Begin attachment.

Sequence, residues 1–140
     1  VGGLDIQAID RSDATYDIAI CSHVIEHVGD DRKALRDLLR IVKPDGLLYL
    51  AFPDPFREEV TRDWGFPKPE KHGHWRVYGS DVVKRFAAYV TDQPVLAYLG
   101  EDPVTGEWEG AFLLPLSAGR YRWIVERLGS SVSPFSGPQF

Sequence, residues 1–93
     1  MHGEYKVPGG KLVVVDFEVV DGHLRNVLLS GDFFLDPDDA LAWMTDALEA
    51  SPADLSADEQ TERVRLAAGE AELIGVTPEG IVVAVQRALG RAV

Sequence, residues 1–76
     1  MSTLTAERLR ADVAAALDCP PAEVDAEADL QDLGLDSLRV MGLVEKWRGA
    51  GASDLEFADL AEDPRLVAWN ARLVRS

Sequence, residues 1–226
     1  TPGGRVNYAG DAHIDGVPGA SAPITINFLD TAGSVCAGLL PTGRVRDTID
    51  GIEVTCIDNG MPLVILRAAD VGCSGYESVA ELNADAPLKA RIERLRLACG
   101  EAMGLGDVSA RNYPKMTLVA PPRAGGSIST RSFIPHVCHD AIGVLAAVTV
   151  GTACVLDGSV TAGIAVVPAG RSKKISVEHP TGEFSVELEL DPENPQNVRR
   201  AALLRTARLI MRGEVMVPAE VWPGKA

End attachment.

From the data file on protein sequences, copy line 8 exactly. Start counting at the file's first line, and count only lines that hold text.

Sequence, residues 1–76